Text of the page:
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Comment Re:Rotten Tomatoes is getting self-important (Score 1) 389

As for Rotten Tomatos I find that their average rarely coincides with my tastes anyway, I've realized that when using Vudu and noticing that I've enjoyed a lot of movies that had a poor Tomatoes score yet a rather good Vudu user score (the interface shows both scores when looking at the movie info.)

I've found that Criticker ( ) is a lot closer to my ratings, because they adjust the ratings I see based on how I rated similar movies.

It's gotten fantastically close after I rated ~20 movies there.

Comment Re:Finally, I can switch to Gnome! (Score 1) 116

The stupid thing is, you could easily make a secondary UI for tablet users and even protocols for a UI switch for when a tablet becomes a desktop (ie: docking).

But, no. UIs are not built by engineers anymore. We've got to hire touchy-feely liberal arts guys that have no idea what good UI design means to make these decisions.

For instance, I like the close/minimize/maximize buttons on the top left of the window. Linux Mint Cinnamon allows me to set that without a problem. But Gnome applications don't follow the OS settings. They apparently know better.


Comment With What? (Score 1) 94

AR with what? Phones? Maybe. Their desktops? Please. The GPUs in their desktops are garbage. Even the ones in the Mac Pros. I was a Mac user for ten years (sold my 2012 Mac Pro last month) and I I have always been disappointed by their choice of graphics chips.

Comment Re: Easy fix (Score 4, Informative) 84

The thing is, as long as people pay for their own internet themselves, they're in complete control of what gets to connect to their wifi. So, even if all the water heaters on the market had IoT features, it's trivial to keep them offline and harmless. And should they ever come with their own connectivity solution that bypasses the users' router completely, well... it's always possible to encase it in a Faraday cage of some sort.

As for trusting manufacturer with IT security, that's not the only problem: even if they're serious about it and actually qualified to secure your device properly, personally I'm more concerned about what they do with my data - how they snoop on my habits, how they intend to misuse that data, or whom they intend to sell it to.

If there's a buck to be made, company won't even consider moral or ethical use of the data they collect. That's the only thing you can bet on with big data.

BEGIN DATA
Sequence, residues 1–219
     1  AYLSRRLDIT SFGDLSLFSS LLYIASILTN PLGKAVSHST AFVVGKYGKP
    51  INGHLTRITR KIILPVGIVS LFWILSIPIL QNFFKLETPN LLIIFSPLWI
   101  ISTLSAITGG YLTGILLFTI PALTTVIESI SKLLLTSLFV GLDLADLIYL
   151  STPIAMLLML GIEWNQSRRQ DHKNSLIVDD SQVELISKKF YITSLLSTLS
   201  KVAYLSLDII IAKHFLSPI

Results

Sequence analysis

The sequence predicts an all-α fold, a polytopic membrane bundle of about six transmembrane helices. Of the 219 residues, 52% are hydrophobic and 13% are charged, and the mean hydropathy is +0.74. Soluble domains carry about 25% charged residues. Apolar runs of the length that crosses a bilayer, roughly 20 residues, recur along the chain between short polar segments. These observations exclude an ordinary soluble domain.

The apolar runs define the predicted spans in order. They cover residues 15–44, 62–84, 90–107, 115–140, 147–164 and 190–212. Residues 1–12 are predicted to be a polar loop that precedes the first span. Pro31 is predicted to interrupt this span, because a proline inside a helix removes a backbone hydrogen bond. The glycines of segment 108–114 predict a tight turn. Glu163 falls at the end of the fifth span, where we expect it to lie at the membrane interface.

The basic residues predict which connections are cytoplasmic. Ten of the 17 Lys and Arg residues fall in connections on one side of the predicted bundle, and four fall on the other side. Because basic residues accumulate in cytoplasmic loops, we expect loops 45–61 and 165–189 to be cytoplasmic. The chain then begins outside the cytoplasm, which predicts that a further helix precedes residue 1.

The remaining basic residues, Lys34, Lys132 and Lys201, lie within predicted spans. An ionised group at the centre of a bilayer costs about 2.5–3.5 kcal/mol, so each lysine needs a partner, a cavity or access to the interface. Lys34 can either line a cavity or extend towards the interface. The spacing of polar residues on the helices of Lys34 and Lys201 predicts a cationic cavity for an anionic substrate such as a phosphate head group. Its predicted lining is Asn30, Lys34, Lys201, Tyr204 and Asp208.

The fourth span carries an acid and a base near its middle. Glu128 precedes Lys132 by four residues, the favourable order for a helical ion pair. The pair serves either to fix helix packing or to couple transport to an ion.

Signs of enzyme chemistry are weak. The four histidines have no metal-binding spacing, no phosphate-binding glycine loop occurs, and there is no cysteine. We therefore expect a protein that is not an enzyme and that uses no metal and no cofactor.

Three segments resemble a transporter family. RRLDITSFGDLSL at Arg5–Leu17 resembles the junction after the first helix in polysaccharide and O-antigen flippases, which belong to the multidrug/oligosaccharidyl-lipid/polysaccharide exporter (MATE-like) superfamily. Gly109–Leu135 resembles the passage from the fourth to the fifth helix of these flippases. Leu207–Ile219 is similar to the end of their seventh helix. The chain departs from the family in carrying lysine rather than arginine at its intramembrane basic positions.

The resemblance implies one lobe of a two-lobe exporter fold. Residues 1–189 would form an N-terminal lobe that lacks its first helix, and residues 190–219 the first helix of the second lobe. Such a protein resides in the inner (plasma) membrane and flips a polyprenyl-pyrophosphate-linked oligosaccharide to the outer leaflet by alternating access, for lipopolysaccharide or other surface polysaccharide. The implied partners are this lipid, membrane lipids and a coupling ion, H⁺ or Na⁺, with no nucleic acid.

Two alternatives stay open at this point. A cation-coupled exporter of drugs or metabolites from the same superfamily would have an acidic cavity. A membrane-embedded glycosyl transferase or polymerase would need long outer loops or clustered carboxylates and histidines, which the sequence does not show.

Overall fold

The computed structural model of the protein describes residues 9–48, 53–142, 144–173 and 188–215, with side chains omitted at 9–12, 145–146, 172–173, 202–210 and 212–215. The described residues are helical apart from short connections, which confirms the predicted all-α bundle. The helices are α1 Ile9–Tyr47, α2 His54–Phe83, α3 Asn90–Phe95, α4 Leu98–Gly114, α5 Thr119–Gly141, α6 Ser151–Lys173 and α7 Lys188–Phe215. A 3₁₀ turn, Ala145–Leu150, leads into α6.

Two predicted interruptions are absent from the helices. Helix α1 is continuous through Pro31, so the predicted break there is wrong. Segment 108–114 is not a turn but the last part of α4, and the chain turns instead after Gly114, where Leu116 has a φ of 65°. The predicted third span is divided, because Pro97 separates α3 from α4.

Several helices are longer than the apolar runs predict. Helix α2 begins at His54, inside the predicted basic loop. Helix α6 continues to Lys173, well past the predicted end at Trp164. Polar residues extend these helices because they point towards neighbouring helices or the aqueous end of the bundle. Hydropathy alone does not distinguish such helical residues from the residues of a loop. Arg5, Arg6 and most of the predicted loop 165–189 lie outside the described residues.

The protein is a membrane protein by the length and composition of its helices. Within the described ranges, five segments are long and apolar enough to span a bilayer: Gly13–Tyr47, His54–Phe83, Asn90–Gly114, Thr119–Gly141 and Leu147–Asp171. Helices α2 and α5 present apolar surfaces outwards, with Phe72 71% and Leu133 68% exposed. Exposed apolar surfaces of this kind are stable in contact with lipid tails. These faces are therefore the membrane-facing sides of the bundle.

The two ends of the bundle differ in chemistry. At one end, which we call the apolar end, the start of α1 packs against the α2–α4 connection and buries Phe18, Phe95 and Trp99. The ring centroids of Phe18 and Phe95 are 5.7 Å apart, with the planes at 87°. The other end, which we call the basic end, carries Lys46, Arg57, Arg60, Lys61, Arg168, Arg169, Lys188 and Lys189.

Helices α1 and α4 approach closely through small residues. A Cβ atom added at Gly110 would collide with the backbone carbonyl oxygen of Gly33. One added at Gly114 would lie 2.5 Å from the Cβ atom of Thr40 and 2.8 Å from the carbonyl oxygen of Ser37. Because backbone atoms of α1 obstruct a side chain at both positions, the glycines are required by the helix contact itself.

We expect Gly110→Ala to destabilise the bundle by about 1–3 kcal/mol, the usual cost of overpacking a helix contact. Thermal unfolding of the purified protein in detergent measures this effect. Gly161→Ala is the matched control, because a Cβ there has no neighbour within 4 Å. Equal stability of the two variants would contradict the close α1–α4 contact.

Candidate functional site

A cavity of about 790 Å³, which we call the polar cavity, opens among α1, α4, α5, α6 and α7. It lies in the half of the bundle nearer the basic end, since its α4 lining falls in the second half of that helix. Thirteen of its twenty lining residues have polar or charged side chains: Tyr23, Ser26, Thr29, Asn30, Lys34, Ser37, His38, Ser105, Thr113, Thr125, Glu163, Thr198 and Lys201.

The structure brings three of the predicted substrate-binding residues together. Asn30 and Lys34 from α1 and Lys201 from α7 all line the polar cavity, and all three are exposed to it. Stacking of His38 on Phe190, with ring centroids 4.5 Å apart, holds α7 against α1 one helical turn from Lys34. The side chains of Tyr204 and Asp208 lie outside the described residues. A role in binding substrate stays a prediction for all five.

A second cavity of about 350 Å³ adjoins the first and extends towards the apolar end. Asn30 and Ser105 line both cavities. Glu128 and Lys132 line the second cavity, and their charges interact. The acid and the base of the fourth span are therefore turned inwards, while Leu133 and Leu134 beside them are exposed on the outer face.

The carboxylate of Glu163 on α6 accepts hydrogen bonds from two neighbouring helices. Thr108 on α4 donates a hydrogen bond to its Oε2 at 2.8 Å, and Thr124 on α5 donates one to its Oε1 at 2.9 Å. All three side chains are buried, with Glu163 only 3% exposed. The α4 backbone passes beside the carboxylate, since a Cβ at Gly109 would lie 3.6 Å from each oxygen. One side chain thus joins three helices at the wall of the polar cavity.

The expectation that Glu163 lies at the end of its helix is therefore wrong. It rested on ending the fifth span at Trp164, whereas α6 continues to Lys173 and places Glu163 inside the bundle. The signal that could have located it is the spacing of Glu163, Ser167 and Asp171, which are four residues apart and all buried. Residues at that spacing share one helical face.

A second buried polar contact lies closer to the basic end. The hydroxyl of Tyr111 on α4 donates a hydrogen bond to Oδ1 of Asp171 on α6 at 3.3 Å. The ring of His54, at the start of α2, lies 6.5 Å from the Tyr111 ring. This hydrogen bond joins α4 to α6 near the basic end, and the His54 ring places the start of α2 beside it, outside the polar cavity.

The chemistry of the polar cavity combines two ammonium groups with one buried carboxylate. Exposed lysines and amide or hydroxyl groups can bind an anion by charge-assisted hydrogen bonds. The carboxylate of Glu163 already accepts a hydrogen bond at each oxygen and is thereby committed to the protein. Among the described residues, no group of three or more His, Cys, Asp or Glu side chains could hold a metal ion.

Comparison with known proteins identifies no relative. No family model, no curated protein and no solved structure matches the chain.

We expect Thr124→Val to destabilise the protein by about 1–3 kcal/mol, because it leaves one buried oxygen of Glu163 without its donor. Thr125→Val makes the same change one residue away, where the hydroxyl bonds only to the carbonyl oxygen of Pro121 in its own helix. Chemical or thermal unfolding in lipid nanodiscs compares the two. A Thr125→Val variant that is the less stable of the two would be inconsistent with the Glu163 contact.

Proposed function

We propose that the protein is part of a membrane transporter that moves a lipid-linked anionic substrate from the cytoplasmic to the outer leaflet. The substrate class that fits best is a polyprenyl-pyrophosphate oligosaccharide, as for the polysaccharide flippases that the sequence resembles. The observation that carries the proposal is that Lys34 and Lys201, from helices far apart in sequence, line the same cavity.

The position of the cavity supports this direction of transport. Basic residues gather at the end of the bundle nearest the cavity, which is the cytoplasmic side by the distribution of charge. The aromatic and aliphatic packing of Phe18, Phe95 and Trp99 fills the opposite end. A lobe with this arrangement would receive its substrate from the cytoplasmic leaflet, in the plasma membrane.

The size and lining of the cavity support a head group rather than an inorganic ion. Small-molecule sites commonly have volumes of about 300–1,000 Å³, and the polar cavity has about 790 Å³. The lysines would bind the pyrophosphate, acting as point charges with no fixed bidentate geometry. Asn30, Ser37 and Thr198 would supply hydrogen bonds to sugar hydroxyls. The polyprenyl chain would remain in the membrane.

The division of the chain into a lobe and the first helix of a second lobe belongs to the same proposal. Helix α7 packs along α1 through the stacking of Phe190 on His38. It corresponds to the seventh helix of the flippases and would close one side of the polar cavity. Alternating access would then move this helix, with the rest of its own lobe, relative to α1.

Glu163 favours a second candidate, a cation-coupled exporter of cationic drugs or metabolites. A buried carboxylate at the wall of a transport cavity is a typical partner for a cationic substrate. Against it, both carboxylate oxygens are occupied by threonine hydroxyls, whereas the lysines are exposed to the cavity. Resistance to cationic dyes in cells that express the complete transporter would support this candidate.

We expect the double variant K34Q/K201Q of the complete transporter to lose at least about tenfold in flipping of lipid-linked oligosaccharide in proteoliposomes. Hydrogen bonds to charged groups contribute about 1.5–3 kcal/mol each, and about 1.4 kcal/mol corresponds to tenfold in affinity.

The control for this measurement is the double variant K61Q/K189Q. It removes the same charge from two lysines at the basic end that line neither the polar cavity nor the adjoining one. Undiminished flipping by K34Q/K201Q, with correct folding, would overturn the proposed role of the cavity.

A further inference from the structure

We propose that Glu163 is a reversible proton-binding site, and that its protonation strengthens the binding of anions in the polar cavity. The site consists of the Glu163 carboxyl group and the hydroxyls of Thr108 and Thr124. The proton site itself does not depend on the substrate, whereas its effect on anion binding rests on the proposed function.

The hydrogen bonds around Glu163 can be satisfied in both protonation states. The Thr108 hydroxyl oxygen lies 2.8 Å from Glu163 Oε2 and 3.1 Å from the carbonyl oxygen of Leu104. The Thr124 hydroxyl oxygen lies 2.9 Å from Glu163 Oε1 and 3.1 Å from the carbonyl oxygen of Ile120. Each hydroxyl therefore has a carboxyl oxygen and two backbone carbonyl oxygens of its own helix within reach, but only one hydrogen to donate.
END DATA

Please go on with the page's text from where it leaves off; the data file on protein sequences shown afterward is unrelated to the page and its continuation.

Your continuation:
Comment What I'm waiting for... (Score 1) 266

Purely autonomous personal vehicles will solve this.

Recline your car seat back all the way and get in at 9 PM and have the car drive you all night long.

No TSA hassles. No rumblings about paying extra for a carry on bag, a snack that should cost $1 instead costing $5, or being kicked by the guy behind you getting out of his seat because he has a small bladder.

Driverless cars won't be the end of domestic airlines, but they will have to adapt to keep customers.

Comment Re:I don't care (Score 4, Insightful) 193

Even if you do like kids, bringing them to the world we have today isn't exactly a gift to them...

I know a great many youngster even today who deeply resent our generation's wasteful and selfish way of living, the consequences of which we left to them, and that they'll have to sort out when we're gone.

Comment As always (Score 2, Insightful) 193

At the age of 60, men who had children had almost two years more on their remaining life expectancy than those without, at 20.2 and 18.4 years respectively.

Correlation isn't causation.

Also, many of those who gain 2 years in life expectancy lose many more years of piece and quiet having to raise their brats.

Comment Re:Industrial accident (Score 1) 407

That's it. That's all this lawsuit is about, faulty failsafes on industrial equipment that lead to an accident. Probably with merit.

But sure, call it "rogue robots" and "killing"...

They lost me when they said 'colleague'. I don't have any robot colleagues. I do have a toaster I use at work, and a microwave. But we're not colleagues (and I don't think either the toaster or microwave considers me a colleague, either).

Comment Re:24/7 job (Score 5, Informative) 513

That's exactly what IBM did. It even ended pager-pay... since we were always on the clock.

For reference,

Information technology professionals are not entitled to overtime pay.

And my favourite:

Information technology professionals are not covered by the daily and weekly limits on hours of work

From what I could find, these were laws meant to cover fisheries and agriculture, where the seasonal nature of the work meant that the only time you would work on a harvest or catch was when there would be work. It was understood that the nature of the work was feast-or-famine, and it was paid hourly. If they had to pay overtime, they would be paying nothing but overtime. Strangely, the rules also included accounting, some screwball argument that month-end and year end was a busy period and that people could take time in lieu or have downtime between busy periods.

Somehow this slippery slope was extended to IT. As a salaried employee, it meant they could pay you *nothing*.

Thank you Dalton McGuinty.

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